I have contemplated buying a 1-ton and getting a more luxorious truck camper, but, in addition to not needing the capablities or expense of such a truck, I think that less is more when going camping.

Interesting. I've recently been checking out slide ins and came to the realization that I'll probably need a 3/4 ton when I figure in the weight of the camper, a family of 3, and a boat trailer with 150lbs tongue weight. I've been leaning toward the extended cab version of this truck without the z-71 pkg. I looked at Ford first, but I'd rather have an extended cab over the quad cab and the Fords still seem to offer 1990s era space and comfort in the back seat.

@ RAM SUCKS CHEAP JUNK TURD PLACE TRUCKS ,

I live in Canada and Chevy trucks are 3-4 th place in sales (between GMC/Chev bounce back and forth over the years)

So in Canada we say " GM SUCKS CHEAP JUNK TURD PLACE TRUCKS "


Ram is a consistant second best selling truck and Canada's overall number 2 best selling vehicle (cars/trucks/suv's included)and gaining on Ford.

Ford/GM trucks are thousands less at dealers lots,ex. you can pick up a Ford/GM truck for $15,999 for a 6 cyl extra cab,a single cab 6 cyl RAM is $19,999.

Sorry,that you are jealous of the extrememly high quality RAM trucks and their fans.Ram truck buyers are more educated,self learning,business owners and overall better rounded individuals than Chevy fans.More often then not, Chev fans can be found at trailer parks,smokin meth or/and crack as that is why they picked the Chev truck,it is used to homeless people sleeping in its box or a cheap camper.

@ Highdesertcat,

Dodge is still an American company...I cant understand why all of a sudden people say Dodge isnt an American company just because it is partnered with Fiat (Ferrari,Maserati,Lancia) Most people didnt say Dodge was a German company when it was partnered with Mercedes since 1998 !

Furthermore,you make ZERO sense when you try to put down Dodge by saying its not American,but then you own a Japanese truck LOL ! Weird,just strange !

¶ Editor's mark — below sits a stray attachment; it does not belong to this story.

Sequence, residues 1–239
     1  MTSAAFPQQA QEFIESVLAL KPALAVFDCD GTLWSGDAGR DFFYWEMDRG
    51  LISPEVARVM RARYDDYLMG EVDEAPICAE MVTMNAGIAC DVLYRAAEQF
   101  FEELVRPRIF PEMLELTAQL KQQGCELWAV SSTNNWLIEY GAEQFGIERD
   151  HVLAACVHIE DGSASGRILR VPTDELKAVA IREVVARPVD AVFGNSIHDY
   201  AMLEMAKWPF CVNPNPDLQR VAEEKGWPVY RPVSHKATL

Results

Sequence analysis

FYI,Toyota received billion's of Japanese taxpayer dollars over the years as it is well known that the Japanese government props up its industries all the time ! Its not an even playing field when one countries government props a company up for it to succeed and another craps all over it for doing the same.I guess Americans want no American companies,thats the only logical explanation ! Something when done in America is looked down upon.But yet you Americans knock your own and buy imports by the hand full,totally ignoring you guys make no sense ,as you say you are against companies that take government (taxpayer monies) but yet buy import goods/vehicles that only exist today because they took and still take government money..Truly odd folks !

Very inteersting article: wonder how many miles did their 1998 Dodge Ram 3500 Cummins diesel dually have, before it gave up the ghost?

The spRam folks are showing up now. They just mad cause the truck camper site couldn't use a ram due to low numbers. lol

@Canadian Dodge RAM Owner ! Funny you should talk bout quality and dodge read and learn lol
http://www.dontbuydodgechryslervehicles.com/

If you read their other article on "How to choose the right truck", it is much more imformative and they say just opposite of which is more popular. They say more people want the long bed for campers and they go into real reasons for choosing what size, not phoney reasons like we didn't want a dually and the driveway, yada, yada, yada.

Long bed truck or short bed truck?

"There are three reasons to own a short bed camper over a long bed. First would be that you already own one. Second would be that you want a shorter truck camping rig. And third would be that the truck camper model you want is designed for short bed trucks.

Other than those three reasons, you'll have more options if you buy a long bed truck. Other factors including camper cost are negligible. Resale values are also generally better for a long bed as more people want them. And lastly, a long bed will give you more options should you decide to get trade up to another truck camper in the future."

http://www.truckcampermagazine.com/how-to-choose-a-truck/

The reasons they state in this new article go against everything they said in this article.

If you can fet a 6-7' bed in your driveway, you can fit an 8' bed. The dually factor is irrelevant because you can buy a long bed single wheel. It just sounds like they wanted to go with what they did because they "lost their minds" (their words) or got buyer's fever. Their choice does not follow any of the factors they stated in the how to choose the right truck article.